Greg led us into a large live room adjacent to the control room which was visible through a large Plexiglas window and pointed to an old Fender amp stating “After you tune up you can play through that.” After tuning my old Strat I plugged in and grabbed a pair of nearby headphones. By now Gregg and D had returned to the control room and I could hear Greg’s voice coming through the headphones “Play a little so I can get a level on you.” I started playing some slide licks and quickly realized the amp had little to no sustain. “Okay, I’ve got a level. Are you ready to make a pass?” “Okay” I sheepishly replied, and with that the count off to the song began. All the tracks to the tune had been previously laid down except for the lead guitar and I began playing the opening riffs at four bars in, just like the record. Or so I thought. The audio in my headphones seemed to stop almost as quickly as it had started, interrupted by the sound of Greg’s voice “It sounds like your intonation is off a little. Why don’t you check your tuning.”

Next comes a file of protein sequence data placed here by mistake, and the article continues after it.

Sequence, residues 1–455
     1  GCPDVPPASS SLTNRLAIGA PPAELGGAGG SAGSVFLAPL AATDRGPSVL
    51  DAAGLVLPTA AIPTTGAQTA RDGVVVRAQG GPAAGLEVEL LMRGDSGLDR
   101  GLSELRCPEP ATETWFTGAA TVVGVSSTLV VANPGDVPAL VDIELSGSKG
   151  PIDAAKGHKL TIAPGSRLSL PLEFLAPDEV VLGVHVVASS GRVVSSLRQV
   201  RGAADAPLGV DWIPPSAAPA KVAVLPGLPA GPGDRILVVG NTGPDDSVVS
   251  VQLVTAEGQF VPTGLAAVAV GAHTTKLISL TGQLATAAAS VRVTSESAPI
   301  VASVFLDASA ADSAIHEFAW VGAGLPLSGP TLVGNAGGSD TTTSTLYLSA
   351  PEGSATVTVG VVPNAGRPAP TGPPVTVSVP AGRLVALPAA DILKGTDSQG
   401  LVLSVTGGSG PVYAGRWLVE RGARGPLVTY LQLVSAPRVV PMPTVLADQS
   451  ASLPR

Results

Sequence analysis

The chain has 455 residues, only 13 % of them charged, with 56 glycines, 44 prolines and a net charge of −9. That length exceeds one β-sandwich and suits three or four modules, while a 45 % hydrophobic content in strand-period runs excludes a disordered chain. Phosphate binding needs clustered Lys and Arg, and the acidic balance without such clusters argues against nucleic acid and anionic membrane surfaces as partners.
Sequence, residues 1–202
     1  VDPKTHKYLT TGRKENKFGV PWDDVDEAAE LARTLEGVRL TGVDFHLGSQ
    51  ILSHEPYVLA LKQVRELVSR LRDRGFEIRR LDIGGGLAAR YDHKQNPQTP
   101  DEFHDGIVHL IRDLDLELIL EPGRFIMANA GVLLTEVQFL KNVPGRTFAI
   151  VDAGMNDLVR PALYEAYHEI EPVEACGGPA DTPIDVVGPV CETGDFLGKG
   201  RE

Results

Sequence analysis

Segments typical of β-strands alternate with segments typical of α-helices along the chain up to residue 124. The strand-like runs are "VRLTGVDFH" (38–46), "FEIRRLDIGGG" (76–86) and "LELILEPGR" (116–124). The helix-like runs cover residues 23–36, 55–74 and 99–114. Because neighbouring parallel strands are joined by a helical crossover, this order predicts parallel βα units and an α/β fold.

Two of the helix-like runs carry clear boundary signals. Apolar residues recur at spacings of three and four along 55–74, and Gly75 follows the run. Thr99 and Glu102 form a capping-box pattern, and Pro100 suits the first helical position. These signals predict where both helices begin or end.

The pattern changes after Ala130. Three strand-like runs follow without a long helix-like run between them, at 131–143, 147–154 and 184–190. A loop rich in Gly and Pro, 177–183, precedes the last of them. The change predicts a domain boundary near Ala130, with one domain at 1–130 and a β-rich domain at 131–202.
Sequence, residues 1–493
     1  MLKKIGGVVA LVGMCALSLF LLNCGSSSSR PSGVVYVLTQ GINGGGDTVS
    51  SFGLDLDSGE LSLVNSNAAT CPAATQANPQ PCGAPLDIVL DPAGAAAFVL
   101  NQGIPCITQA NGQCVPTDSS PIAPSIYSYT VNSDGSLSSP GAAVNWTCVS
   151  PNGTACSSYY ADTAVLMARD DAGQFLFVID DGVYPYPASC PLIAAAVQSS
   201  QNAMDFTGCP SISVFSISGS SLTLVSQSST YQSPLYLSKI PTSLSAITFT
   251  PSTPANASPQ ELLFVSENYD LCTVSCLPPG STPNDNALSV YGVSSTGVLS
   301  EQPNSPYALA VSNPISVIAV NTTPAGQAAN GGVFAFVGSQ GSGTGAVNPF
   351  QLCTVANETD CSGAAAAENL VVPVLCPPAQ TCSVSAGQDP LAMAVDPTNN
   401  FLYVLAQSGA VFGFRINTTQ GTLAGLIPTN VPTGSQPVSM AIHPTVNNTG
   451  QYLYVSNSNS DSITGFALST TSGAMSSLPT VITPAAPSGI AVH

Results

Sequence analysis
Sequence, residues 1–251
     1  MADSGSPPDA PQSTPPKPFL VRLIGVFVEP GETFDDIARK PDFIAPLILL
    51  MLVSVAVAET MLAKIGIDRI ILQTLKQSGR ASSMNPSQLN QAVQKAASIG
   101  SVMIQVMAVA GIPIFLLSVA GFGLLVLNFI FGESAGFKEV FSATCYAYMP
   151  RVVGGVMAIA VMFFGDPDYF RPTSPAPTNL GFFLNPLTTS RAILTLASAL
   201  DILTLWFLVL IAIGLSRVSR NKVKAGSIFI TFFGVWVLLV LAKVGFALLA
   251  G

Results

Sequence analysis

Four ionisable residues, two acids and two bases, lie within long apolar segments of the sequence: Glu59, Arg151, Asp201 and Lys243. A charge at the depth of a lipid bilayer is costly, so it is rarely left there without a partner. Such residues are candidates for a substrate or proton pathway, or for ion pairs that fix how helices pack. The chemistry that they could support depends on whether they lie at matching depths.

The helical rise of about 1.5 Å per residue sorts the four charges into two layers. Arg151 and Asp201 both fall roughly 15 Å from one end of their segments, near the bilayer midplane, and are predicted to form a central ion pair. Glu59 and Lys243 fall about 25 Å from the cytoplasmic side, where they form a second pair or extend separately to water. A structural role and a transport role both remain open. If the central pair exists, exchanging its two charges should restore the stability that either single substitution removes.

“This is just great!” I thought as a little sweat broke out on my forehead, “Okay, give me a minute” and I proceeded to plug into a tuner and retune my guitar. “Okay, I’m good to go” and with that we were on to take two. This time Greg let me get a little further into the song before again shutting me down, “Your pitch is still off. Try it again.” Okay, this is getting ugly. After a couple more failed attempts ended in a similar fashion, D entered the tracking room to help me out. “Show me what you’re playing on the intro?” he asked, and I proceeded to play the intro. “No wonder it sounds out of tune, this song is in Ab. Let’s try putting a capo on the first fret.” Of course I should have known this, and this was perhaps the first moment I began realizing I wasn’t as prepared for this world as I thought I was. I put on the capo and D returned to his vantage point next to Greg in the control room on the other side of the Plexiglas window.